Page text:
# The process behind $5 = \frac{2}{x} \Leftrightarrow \frac{2}{5} = x$

(Note: I didn't learn how to solve equations the conventional way; instead I was just taught to "move numbers from side to side", inverting the sign or the operation accordingly. I am learning the conventional way though because I think it makes the process of solving equations clearer. That being said, I apologize if this question is too "basic".)

I know that when I have an equality such as $5 = \frac{x}{2}$ I have to multiply both sides by 2 to get the answer.

However, what is the process behind $5 = \frac{2}{x} \Leftrightarrow \frac{2}{5} = x$ ?

I know that when I have an equation which the variable is in the denominator I have to move the numerator to the other side and make it the numerator and the number that's already there the denominator, but I don't really know why that is or how that's done "mathematically".

I have a theory:

• Invert both sides and then multiply both sides by 2;

Is this correct?

• After all the good answers posted, one point worth emphasizing is that the "move numbers from side to side" mnemonic relies on the implicit assumption that none of those you move are $0$. For example, $5 = \frac{0}{x}$ is not equivalent to $\frac{0}{5}=x$. – dxiv Dec 1 '16 at 6:49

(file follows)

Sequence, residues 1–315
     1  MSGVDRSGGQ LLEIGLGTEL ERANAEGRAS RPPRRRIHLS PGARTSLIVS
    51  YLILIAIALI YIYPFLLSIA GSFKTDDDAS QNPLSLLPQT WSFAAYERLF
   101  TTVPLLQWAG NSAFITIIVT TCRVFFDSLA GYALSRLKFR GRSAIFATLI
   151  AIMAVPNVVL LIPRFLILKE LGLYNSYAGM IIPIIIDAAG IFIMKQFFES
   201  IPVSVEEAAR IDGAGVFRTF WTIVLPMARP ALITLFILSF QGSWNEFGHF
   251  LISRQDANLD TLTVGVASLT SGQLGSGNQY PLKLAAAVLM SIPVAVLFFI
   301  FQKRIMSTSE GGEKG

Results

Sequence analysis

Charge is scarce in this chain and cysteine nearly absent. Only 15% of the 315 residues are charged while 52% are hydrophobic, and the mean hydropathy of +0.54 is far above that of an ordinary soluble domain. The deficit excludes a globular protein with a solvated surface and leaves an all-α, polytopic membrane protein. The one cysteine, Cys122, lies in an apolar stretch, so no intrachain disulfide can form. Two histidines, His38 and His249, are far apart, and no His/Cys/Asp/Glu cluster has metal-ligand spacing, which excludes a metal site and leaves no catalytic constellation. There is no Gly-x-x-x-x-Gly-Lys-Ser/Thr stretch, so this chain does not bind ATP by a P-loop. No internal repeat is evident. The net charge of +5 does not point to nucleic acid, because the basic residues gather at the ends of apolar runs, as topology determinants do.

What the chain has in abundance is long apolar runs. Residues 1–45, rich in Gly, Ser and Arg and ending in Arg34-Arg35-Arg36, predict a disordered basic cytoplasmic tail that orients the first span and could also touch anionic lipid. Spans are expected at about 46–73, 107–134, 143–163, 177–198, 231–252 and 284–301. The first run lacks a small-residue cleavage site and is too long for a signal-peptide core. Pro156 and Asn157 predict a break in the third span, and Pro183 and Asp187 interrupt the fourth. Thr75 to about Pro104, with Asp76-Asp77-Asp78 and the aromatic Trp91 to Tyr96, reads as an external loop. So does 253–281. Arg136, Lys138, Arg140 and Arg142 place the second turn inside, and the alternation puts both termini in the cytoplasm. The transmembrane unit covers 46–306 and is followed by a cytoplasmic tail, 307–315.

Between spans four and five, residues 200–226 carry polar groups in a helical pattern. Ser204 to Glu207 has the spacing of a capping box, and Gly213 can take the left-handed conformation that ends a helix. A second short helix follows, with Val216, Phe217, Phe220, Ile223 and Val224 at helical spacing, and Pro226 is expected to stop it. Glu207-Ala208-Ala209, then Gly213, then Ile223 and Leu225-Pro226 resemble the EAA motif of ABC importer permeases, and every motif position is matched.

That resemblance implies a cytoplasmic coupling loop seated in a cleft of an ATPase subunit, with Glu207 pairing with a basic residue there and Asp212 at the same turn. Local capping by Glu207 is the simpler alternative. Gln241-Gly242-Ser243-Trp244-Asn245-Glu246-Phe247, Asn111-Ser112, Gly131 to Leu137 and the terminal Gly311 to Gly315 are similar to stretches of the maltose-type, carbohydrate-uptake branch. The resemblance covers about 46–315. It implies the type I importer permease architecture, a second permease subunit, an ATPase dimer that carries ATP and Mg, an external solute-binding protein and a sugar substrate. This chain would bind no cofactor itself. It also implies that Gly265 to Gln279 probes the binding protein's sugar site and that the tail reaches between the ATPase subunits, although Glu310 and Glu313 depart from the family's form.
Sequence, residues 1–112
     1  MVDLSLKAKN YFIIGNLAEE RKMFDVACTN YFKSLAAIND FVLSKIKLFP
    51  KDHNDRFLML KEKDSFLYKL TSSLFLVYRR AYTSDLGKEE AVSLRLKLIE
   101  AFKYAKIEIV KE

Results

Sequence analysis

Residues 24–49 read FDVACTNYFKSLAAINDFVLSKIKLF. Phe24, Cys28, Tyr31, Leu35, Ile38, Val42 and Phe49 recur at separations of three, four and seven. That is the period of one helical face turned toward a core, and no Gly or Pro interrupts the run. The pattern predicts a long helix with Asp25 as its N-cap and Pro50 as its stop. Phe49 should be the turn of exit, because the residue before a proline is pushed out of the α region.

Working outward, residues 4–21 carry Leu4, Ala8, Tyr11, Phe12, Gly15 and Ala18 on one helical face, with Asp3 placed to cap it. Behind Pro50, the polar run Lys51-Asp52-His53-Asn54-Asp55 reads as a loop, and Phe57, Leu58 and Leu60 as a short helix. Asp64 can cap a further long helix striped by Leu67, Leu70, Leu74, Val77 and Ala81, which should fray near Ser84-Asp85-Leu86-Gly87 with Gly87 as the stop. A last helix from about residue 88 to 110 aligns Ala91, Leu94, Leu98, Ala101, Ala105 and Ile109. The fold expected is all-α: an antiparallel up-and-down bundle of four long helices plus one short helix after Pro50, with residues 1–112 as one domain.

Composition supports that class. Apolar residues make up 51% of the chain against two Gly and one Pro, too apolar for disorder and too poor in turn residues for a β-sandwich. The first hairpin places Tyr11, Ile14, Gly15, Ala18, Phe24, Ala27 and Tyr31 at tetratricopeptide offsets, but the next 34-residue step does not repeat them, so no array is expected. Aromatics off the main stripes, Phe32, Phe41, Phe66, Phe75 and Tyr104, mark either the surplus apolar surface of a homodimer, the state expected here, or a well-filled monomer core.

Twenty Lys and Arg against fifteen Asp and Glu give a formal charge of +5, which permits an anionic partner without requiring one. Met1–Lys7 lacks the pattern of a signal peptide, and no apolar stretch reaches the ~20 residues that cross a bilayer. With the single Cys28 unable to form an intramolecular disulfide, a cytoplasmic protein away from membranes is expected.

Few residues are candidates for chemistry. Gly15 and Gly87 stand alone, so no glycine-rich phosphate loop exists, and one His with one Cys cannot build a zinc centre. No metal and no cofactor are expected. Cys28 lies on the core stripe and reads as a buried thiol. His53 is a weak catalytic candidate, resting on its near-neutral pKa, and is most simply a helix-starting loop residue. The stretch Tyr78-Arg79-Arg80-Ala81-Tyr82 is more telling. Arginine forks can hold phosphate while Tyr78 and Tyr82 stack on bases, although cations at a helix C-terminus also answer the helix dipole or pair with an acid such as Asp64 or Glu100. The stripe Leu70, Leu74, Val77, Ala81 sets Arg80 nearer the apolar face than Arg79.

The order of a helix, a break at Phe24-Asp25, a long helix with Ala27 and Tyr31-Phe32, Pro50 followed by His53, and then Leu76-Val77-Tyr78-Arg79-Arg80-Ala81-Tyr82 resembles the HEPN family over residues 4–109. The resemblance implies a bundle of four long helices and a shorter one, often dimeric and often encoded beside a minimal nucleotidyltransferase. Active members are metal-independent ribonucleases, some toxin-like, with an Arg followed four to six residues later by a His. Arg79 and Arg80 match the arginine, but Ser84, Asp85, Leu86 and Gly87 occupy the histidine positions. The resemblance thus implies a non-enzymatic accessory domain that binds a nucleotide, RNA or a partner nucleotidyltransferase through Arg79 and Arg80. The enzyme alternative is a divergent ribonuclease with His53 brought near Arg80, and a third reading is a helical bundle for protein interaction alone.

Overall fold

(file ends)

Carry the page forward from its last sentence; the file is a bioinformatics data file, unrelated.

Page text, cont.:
## 7 Answers

You are allowed to invert both sides, given you invert the entire side, like such: $$2 + x = \frac1y \rightarrow \frac{1}{2 + x} = y$$ A common mistake is to invert only one term. Note that "inverting" happens because we can multiply both sides of the equation by the product of both sides. Take for example: $$\frac{1}{2 + x} = \frac{1}{y} \rightarrow \frac{y(2 + x)}{2 + x} = \frac{y(2 + x)}{y}\rightarrow y = 2 + x$$ We did the above by multiplying both sides by y(2 + x), which is allowed, as long as it is done to both sides. You can solve your example in the same way.

• +1 for answering the OPs question about method rather than just solving the equation. – Ethan Bolker Dec 1 '16 at 0:55

Multiply by $x$: $$5x=2$$

Divide by $5$: $$\frac{2}{5} = x$$

More generally, $$\frac{x}{b} = a \iff x=ab \iff \frac{x}{a} = b$$

We have that $$5 = \frac2x.$$ Now multiply by $x$ on each side, and get $$5x=2.$$ Next, divide by $5$ on each side, and get $$x=\frac25.$$

• Beat me to it... :( – Frank Dec 1 '16 at 0:51

From $5=\frac 2x$ to get $x=\frac 25$, you're multiplying both sides by $x$ to get $$5x=2$$ And dividing by $5$, we get $x=\frac 25$.

Other way for solving it is by the reciprocal or inverse process:

$5 = \frac{2}{x} \Rightarrow 5^{-1} = (\frac{2}{x})^{-1}$

$\frac{1}{5} = \frac{x}{2} \Rightarrow \frac{2}{5} = x$

You can do it by means the second equivalence principle: "multiplying or dividing both sides of an equation by a non-zero constant" we obtain an equivalent equation. This is the basis of your calculations in the example $5=\frac{2}{x}$.

Well... \begin{aligned}5 &= \frac{2}{x} &&\text{From question}\\5x&=2 &&\text{Multiply by x on each side}\\ x&=\frac{2}{5} &&\text{Divide by 5 on each side} \end{aligned} Or \begin{aligned}\frac{2}{5} &= x &&\text{From question}\\2&=5x &&\text{Multiply by 5 on each side}\\ \frac{2}{x}&=5 &&\text{Divide by x on each side} \end{aligned}